Will attending a Waldorf School improve our children’s health?

As a parent of children at the Waldorf School of Baltimore I can attest to the value of Waldorf Education, based on my experience with my own children and their classmates. Clearly, however, this judgement is based on anecdotal, subjective observations. As a scientist who gravitates towards claims supported by hard data I always seek research that supports my intuition about the value of Waldorf Education. Most often I search for research supporting the positive emotional, moral, cognitive and societal outcomes of this education.

I was intrigued to find recent research that supports the conclusion that Waldorf Education might improve our children’s health, and that these benefits may persist in their adulthood. This research was recently published in the prestigious, peer-reviewed journal PLOS One.

The rationale behind this study stems from claims that Waldorf Education promotes the development of sensory systems, as well as cardiac, respiratory and metabolic functions. Specifically, the balance of intellectual, aesthetic and motor activities in Waldorf Education is thought to promote both health, and healthier attitudes towards health.

The research describes a retrospective analysis of medical histories of 1,136 individuals that had attended Waldorf schools, and 1,746 comparable (that is, similar sex, age and geographical regions) students, all in Germany. (For a variety of reasons, retrospective studies such as this one are often less convincing than prospective studies, in which students are enrolled at a young age and tested periodically until adulthood.) The subjects were 20 to 80 years old when the survey was conducted.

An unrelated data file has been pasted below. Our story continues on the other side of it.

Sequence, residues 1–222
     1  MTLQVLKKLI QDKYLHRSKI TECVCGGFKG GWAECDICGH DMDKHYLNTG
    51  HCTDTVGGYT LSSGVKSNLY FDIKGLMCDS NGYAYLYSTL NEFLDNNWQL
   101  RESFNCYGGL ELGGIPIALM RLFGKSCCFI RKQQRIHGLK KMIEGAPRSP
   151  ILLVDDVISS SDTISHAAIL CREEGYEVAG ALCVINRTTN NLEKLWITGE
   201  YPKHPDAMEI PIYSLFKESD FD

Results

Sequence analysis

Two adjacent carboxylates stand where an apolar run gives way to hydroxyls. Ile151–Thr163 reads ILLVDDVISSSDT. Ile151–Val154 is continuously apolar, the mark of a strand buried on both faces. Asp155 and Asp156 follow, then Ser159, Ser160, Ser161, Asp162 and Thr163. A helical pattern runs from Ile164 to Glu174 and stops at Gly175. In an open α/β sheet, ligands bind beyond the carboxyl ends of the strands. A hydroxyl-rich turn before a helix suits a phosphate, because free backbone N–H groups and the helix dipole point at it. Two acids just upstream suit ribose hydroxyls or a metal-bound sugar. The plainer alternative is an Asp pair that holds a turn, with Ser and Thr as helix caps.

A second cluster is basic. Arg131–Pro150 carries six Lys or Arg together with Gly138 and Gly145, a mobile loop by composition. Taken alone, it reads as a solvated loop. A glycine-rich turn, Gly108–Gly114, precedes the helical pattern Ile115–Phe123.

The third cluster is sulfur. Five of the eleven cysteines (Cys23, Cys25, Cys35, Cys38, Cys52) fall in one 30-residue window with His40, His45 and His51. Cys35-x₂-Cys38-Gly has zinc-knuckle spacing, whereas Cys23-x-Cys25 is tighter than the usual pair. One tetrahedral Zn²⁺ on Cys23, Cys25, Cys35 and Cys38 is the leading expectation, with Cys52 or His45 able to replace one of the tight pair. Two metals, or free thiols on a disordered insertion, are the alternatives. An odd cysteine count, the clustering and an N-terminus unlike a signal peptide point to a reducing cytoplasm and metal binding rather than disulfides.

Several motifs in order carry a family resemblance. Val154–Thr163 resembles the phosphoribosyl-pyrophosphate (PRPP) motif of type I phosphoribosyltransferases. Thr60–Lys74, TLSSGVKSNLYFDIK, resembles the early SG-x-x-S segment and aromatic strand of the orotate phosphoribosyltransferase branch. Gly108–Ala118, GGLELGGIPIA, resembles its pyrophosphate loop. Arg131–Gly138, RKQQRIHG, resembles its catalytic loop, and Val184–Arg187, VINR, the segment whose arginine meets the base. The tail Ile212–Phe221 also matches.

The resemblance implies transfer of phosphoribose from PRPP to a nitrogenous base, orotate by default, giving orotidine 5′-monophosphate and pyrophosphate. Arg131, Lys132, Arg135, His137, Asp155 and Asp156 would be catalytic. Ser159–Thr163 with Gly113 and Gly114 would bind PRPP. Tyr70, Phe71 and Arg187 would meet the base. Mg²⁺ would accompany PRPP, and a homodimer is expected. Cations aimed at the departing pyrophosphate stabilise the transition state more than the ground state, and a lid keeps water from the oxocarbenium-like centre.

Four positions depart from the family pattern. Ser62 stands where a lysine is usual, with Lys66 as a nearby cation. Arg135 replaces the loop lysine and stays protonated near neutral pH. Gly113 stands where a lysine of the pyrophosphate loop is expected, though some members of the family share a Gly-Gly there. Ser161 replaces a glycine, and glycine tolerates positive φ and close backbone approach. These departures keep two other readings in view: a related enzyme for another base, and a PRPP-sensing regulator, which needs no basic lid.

After adjusting the results for some confounds—such as differences in sociodemographics and lifestyles—the researchers concluded that Waldorf graduates did not differ from the general population in most examined diseases, including high blood pressure, heart disease, cancer or diabetes. The only significant difference was that Waldorf graduates were less likely to suffer from arthritis and some allergies.

However, Waldorf graduates appeared to be significantly less burdened by multiple medical conditions. For example, they rated as less burdensome symptoms from low back pain, sleep disturbances, headaches, joint pain and gastrointestinal symptoms.

Waldorf school attendees also reported lower body mass index (BMI) and fewer days in hospitals within the last 12 months.

These intriguing findings suggest that Waldorf Education might result in benefits beyond the academic and social ones we commonly focus on.

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